We come to know that Christopher was writing a book on the mourning rituals in Greece.

It was a strange project for a man who had hitherto lost nothing of significance, whose life was intact in all its key particulars. If he had cause for grief, it was only in the abstract. But he was drawn to people who were in a state of loss. This gave the people the mistaken impression that he was a sympathetic man. His sympathy lasted as long as his curiosity, once that had gone he suddenly withdrew, making himself unavailable, or at least less available than people might reasonably have expected, given the sudden and violent intimacy he had forced upon them in the first place.

The narrator meets Stefano’s mom who practices these rituals and whom Christopher may have met too.

The ancient practice was rapidly dying out. There were only a few parts of rural Greece where it was still practiced, the southern Peloponnese, a region called Mani, was one of them. There, every village had a few mourners – weepers or wailers, as they were sometimes called – women who performed the funeral dirge at a village burial. What intrigued him about the practice was its externalization of grief: the fact that a body other than the body of the bereaved expressed its woe.  

Indeed, the more the narrator interacts with Maria, Stefano, or Stefano’s mom, she realizes that they have been as opaque and inscrutable as Christopher.

The book then is a meditation on infidelity, grief, loss and the possibility that we may not really completely know the person we are married to.

Our marriage was formed by the things Christopher knew and I did not. This was not simply a question of intellect, although in that respect Christopher again had the advantage, he was without doubt a clever man. It was a question of things withheld, information that he had, and that I did not. In short, it was a question of infidelities – betrayal always puts one partner in the position of knowing, and leaves the other in the dark.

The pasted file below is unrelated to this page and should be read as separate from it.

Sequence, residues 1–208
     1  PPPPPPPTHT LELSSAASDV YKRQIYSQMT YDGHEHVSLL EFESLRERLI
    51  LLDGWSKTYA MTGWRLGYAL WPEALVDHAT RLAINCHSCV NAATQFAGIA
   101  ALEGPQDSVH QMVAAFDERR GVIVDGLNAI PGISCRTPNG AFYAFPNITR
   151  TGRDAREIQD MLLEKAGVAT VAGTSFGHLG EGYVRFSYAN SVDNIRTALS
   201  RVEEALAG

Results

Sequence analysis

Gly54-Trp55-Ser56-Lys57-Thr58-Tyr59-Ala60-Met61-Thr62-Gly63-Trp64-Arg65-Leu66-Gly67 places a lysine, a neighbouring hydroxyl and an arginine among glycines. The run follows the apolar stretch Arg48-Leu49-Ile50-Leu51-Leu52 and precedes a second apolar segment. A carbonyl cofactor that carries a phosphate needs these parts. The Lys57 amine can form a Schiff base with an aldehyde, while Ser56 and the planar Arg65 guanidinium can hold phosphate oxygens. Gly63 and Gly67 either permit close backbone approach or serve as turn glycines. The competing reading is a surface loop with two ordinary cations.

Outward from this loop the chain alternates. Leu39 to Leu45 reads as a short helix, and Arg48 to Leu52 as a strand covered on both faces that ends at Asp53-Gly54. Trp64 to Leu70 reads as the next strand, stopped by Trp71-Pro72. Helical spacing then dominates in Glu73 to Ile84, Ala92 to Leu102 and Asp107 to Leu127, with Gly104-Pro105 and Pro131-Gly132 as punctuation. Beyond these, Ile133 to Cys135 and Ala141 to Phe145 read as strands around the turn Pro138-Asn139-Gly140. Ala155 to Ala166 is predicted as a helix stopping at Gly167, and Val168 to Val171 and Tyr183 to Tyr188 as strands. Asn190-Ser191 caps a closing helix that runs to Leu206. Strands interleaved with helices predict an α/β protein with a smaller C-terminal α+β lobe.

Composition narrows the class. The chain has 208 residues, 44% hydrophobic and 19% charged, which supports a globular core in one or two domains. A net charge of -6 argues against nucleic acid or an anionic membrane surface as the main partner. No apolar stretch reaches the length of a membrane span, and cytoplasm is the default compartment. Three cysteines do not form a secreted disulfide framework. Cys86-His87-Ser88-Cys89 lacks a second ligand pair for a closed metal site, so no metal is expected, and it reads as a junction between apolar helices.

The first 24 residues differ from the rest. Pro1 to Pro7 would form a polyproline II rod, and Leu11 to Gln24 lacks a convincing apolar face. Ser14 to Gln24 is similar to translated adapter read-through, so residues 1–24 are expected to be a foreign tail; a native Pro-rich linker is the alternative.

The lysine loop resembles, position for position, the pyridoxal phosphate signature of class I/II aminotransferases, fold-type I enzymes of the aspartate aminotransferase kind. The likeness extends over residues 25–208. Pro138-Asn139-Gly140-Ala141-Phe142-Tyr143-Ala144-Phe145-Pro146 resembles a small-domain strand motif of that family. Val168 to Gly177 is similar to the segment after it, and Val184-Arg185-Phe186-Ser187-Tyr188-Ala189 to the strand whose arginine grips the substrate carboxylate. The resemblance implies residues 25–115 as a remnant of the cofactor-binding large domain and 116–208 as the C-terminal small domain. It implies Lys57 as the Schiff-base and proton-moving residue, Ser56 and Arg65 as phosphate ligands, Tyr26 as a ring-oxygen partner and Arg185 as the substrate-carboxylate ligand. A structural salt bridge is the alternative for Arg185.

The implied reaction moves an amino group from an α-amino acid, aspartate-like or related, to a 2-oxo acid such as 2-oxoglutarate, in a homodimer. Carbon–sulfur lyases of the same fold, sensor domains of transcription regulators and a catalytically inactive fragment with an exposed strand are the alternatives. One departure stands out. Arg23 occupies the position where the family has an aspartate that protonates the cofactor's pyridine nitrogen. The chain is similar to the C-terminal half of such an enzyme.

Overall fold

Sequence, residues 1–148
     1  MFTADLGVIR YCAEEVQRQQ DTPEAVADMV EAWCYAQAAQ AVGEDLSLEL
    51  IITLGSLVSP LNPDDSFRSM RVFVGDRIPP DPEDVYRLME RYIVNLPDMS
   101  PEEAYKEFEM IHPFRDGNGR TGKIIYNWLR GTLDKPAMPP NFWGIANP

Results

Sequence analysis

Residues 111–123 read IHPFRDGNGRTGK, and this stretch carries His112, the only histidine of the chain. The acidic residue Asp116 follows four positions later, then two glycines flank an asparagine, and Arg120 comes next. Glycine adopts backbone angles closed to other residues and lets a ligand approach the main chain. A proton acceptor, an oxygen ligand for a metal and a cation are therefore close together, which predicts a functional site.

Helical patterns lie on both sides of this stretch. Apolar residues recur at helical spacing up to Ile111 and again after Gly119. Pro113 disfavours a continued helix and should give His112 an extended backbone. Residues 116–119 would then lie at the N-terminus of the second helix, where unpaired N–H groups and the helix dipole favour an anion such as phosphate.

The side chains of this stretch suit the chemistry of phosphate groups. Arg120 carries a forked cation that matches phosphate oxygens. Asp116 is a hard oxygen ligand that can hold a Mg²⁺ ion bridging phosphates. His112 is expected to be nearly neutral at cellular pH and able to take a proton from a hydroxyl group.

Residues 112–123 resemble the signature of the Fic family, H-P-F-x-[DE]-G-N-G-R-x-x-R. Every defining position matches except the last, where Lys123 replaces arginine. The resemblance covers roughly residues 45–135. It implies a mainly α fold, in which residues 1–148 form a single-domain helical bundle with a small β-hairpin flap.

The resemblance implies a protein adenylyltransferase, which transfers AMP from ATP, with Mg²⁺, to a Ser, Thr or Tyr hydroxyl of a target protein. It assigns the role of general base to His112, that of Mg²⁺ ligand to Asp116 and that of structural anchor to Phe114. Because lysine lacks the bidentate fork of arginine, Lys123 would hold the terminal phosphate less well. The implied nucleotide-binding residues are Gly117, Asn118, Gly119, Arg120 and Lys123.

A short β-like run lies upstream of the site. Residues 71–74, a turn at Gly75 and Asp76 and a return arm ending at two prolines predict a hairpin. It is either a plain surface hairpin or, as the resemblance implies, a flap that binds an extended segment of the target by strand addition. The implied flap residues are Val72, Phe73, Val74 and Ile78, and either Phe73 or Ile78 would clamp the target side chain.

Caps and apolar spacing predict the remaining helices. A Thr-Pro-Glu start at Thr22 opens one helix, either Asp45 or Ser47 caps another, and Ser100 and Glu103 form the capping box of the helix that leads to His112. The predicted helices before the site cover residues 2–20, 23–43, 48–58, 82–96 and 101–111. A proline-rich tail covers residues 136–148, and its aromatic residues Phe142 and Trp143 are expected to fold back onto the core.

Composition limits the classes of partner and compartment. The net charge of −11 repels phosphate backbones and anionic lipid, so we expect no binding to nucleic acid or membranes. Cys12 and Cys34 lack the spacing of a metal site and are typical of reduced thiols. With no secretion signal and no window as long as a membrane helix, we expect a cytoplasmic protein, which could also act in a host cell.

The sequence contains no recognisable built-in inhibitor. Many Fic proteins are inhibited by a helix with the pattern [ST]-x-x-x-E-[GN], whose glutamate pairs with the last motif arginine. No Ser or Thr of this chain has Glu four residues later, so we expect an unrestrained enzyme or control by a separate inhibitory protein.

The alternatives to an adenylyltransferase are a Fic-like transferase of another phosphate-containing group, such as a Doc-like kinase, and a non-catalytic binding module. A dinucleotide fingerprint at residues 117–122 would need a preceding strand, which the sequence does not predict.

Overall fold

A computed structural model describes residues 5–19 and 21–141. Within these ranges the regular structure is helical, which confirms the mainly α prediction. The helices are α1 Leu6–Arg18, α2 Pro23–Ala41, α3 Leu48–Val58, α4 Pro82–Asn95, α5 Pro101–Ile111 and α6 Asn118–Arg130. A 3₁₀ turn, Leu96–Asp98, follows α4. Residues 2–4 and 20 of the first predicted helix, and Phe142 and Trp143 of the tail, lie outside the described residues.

Kitamura’s prose is detached, but dreamy and lush as she unravels the story entirely through thoughts flashing through the narrator’s mind. There is a rhythmic quality to her writing as she slowly peels off the layers so that more revelations come to the fore.

Does Christopher come back? Or does his disappearance remain a mystery? I will not reveal that. Whatever the case, A Separation is a remarkable novel composed in a dizzying language and one to savour slowly like good wine.

A Sport and A Pastime – James Salter

James Salter is one of those American authors who would readily find a place in my top 10 authors list should I sit down to compile one. I have been steadily working my way through his oeuvre enjoying gems such as ‘Light Years’, unarguably his masterpiece about an upper middle class married couple, and ‘The Hunters’, a poignant and searing tale of the exhilaration and disappointments of being a fighter pilot.

A significant time had passed since I last read him; now the time felt right to explore some more of his work. So I picked up another of his popular novels, ‘A Sport and a Pastime’.

A Sport and a Pastime